Using a Lifetime Mortgage Calculator for Pension Supplement

By Mark Gregory on

For many people aged over fifty-five, the prospect of surviving on their pension can be pretty bleak. However, for those who own their own home, equity release can provide an excellent way to supplement their pension income and allow additional funds for purchases, investment or planning for the future. Lifetime mortgages are the most common form of equity release and these types of plans can usually be divided into two main forms: the standard roll up lifetime mortgage and the drawdown lifetime mortgage. A lifetime mortgage calculator will usually provide information about either of these two types of schemes, so it is important to understand the differences and benefits both plans can offer.

 

The Standard Roll up Lifetime Mortgage

This type of lifetime mortgage is similar to a conventional mortgage with the exception that no monthly payment is required. The interest accrued on the loan is simply rolled up into the balance of the loan. The loan is only due for repayment when the home is sold upon your death or when you have moved into a long term care home. With this type of plan you can obtain a tax free lump sum, an additional monthly income or both. The lump sum can be used for any purpose whether that is paying off debts, making purchases, assisting your children or grandchildren financially or using it as a pension supplement.

 

There are a number of advantages and disadvantages associated with a standard roll up lifetime mortgage. These include:

You are aware of the financial implications from the outset: There is a fixed interest rate which will not increase even if the Bank of England base rate adjusts. You need not worry about rising interest rates and your adviser will document the year on year impact of the interest rolling up and compounding on to the balance of the loan.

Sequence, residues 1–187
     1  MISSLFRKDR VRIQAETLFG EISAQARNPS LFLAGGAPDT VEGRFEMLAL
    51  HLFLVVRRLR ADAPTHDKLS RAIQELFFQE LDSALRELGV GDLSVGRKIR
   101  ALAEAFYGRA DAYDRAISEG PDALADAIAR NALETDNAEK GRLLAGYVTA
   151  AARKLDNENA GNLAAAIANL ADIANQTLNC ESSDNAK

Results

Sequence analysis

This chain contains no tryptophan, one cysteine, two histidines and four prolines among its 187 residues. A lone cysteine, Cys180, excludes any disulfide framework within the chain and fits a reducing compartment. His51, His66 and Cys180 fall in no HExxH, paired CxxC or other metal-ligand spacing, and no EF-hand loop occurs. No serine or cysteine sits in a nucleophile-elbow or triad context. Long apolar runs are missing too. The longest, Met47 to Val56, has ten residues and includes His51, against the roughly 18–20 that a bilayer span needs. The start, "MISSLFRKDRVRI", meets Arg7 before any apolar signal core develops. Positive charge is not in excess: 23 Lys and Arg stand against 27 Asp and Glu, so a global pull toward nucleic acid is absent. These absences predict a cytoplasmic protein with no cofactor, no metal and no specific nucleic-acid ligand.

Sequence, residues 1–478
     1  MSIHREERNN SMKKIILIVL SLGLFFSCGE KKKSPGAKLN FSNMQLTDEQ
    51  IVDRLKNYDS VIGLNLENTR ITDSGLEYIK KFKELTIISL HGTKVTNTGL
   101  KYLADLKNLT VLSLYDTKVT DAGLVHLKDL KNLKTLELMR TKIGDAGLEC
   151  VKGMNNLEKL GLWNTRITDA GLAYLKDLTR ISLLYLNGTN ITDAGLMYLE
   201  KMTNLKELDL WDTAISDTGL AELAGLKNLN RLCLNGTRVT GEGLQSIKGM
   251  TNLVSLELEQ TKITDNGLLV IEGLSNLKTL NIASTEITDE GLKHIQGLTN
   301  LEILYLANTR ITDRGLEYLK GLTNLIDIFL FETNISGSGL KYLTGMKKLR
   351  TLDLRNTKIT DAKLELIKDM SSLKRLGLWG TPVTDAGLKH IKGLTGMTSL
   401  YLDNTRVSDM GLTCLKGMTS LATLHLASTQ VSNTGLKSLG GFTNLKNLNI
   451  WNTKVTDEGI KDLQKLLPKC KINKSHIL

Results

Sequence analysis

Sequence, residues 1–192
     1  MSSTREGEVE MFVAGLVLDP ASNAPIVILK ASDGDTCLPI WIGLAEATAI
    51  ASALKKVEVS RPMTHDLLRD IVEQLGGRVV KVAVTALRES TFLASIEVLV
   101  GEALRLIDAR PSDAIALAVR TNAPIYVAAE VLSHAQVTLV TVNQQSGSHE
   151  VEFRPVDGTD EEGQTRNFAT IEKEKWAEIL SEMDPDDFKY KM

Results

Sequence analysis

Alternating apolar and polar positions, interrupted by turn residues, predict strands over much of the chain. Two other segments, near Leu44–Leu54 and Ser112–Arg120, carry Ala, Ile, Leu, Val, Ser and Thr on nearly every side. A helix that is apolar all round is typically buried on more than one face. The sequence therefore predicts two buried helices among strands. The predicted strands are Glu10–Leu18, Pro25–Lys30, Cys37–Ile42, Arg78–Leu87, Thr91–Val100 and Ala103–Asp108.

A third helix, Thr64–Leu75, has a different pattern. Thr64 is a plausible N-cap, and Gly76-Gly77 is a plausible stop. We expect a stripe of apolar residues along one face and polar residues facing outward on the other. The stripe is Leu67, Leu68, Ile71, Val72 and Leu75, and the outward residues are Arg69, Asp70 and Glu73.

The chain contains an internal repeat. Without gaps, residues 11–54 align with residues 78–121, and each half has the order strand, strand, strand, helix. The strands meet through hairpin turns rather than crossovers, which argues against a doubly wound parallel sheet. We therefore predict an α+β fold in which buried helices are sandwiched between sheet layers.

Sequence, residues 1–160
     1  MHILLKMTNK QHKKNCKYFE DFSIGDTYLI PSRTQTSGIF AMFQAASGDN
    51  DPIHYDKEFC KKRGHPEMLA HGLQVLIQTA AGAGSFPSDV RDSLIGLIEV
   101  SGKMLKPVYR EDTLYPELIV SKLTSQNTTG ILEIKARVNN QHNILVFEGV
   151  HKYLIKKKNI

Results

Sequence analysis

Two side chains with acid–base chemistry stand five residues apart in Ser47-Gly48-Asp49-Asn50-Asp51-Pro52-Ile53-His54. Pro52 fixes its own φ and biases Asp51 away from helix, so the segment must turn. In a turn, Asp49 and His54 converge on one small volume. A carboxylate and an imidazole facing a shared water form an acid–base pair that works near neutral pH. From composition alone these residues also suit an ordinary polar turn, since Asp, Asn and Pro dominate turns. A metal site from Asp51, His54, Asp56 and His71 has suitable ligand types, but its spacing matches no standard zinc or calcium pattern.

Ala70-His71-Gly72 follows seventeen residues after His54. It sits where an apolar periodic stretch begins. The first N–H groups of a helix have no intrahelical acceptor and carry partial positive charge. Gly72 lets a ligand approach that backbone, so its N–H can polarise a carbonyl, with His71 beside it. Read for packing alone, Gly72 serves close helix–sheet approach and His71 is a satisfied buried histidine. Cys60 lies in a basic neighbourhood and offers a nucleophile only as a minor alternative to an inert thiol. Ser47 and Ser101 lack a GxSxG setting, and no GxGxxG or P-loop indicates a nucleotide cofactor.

There are no monthly payments: This type of arrangement allows you to obtain the finance you require without having to meet an income criteria or tie up any of your disposable income for repayments. This means that you can supplement your pension or increase your standard of living without worrying about compromising your income. The repayment of the loan is handled for you when the property is sold at the end of the lifetime mortgage.
The interest is fixed: Although this can be an advantage in the case of rising rates. The rate is fixed even if interest rates fall. This can mean that over time your standard roll up lifetime mortgage could cost more than if it had been taken out at a later date.
It is a lifetime product: The lifetime mortgage is designed to be in place for the remainder of your lifetime. Although some plans allow flexibility in transporting the plan across to a new property should you decide to move, if your financial circumstances change you could incur penalties and charges for early repayment.
It can affect the estate left to your beneficiaries: Since the balance of the loan will continue to increase over time, this will affect the amount of money which is left to your beneficiaries.

 

The Draw Down Lifetime Mortgage

This type of lifetime mortgage is similar to a standard roll up lifetime mortgage, except that instead of taking a lump sum payment, a draw down facility is created. This allows the home owner to draw down funds as and when they are required. Again, this type of plan has associated advantages and disadvantages:

You only pay interest on what you have drawn down: Unlike a standard roll up lifetime mortgage, where interest is calculated from day one, with a draw down lifetime mortgage you only pay interest on those funds which you have drawn down. You have the flexibility to call down funds as and when you need them and only pay interest in this event.
No implications for lump sums: Many people are reluctant to accept a lump sum payment from equity release as it will compromise their eligibility for certain state benefits and assistance programmes, which are means tested. The draw down lifetime mortgage allows for funds to be available, but they are not an asset until they have been drawn down.
You don’t know the full costs from the outset: You will be unable to calculate the long term costs of a draw down lifetime mortgage from the outset. Since the amount of money borrowed will vary, you will need to rely on annual statements to assess the balance of the loan.

 

When considering equity release the standard roll up lifetime mortgage or drawdown lifetime mortgages can represent the best possible deal. An equity release calculator can prove a useful research tool, but it is always best to consult professional specialist advice before making any decisions.

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Categorised in: Equity Release Mortgages
This post was written by Mark Gregory